“Choosing to cultivate love rather than anger just might be what it takes to save the planet from extinction.” – Pema Chödrön
Today I want to share a meditation for peace from the Places that Scare You. Of course, Chödrön does a much more eloquent job of describing the steps, but I loved the idea. Make sure to sit quietly for a few minutes before you begin. As you move through the phases, pay attention to whether the ease of expressing love changes for each group:
1. Start by concentrating on happiness for yourself, “May I enjoy happiness and the root of happiness.”
2. Move on to people and/or animals in your life who you already feel tenderness toward, “May ____ enjoy happiness and the root of happiness.”
3. Next, think of a friend you care about but have more complicated feelings toward, “May ____ enjoy happiness and the root of happiness.”
4. Then, imagine people you feel neutral about or perhaps do not know well, such as a neighbor or a person you have seen on the street, “May ____ enjoy happiness and the root of happiness.”
5. Move on to someone who you dislike or find irritating, “May ____ enjoy happiness and the root of happiness.”
6. Next, envision all of the people above standing in front of you and focus on feelings of loving kindness for each of them.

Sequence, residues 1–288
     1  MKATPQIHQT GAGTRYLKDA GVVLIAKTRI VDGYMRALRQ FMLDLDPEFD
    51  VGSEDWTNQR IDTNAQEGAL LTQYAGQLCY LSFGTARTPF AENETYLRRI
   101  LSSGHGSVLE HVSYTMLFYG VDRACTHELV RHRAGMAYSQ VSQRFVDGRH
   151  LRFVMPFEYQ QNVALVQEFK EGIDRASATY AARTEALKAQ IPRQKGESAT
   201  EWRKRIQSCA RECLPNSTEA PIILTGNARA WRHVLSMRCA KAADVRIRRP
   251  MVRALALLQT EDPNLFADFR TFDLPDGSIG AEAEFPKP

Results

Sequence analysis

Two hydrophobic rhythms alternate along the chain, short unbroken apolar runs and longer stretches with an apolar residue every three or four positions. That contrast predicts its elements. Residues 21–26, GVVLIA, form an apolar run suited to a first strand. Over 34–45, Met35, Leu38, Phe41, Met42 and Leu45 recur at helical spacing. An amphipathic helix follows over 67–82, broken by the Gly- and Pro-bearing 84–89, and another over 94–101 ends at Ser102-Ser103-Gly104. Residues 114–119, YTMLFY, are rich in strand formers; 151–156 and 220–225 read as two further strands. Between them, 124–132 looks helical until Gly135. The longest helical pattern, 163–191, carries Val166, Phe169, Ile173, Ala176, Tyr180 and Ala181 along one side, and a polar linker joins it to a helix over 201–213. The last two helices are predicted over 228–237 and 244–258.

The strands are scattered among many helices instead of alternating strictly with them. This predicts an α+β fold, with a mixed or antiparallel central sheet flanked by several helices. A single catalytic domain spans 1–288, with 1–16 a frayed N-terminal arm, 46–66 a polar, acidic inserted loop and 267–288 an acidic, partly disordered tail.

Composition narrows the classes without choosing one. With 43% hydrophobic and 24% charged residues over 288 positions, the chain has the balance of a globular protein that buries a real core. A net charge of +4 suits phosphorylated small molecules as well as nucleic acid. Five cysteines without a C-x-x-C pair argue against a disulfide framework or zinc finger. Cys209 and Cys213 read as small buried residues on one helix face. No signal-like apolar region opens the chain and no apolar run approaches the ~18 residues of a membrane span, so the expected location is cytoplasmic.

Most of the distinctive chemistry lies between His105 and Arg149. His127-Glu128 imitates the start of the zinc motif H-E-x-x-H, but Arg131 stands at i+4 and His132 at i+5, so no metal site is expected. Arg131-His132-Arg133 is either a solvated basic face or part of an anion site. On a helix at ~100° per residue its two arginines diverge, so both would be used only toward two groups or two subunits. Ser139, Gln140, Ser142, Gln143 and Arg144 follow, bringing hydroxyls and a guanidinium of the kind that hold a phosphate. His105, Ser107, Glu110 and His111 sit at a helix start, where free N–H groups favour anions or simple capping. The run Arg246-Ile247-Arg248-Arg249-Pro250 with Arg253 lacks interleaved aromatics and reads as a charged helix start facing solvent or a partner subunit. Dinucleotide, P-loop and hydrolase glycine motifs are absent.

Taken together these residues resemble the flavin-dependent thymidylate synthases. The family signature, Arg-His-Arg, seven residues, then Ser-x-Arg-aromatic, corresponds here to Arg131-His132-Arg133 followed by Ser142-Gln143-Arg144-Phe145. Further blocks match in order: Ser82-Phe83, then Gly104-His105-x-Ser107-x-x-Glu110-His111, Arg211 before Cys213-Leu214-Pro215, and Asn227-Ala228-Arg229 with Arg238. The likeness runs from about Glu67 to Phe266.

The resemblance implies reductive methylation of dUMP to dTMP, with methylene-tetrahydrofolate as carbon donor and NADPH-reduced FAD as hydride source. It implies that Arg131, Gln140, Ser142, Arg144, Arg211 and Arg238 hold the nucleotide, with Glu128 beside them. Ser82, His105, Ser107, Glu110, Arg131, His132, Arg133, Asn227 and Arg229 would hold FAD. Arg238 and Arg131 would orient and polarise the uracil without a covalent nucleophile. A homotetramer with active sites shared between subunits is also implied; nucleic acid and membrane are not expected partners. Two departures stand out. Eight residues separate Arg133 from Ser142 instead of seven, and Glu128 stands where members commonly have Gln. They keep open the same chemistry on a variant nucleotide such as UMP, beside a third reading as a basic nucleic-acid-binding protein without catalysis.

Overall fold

7. Last, harness a feeling of loving kindness for all beings. Focus first on those close to you, in your neighborhood or city, and then let the feeling expand outward into the greater universe.
The power of this meditation exists in pushing our boundaries in how we see people in the world around us. I already do a form of this meditation in my classroom. When I feel upset with a student, I concentrate on how much I love him or her, which in turn allows me to detach from my less kind emotions and focus on the best course of action.
While it is not always easy to tap into this love, it is transformational. It is so tempting to judge and disconnect from others who are different or activate our emotional triggers. However, it is when we open ourselves up to loving kindness for all people that the world starts to change.
If this meditation resonated, I highly recommend Chödrön’s book.
May I skip #5? No need to answer. That is actually the most critical step, isn’t it? Thanks for sharing this … it’s a great reminder and a great practice to get in the habit of.
Glad you got it 😉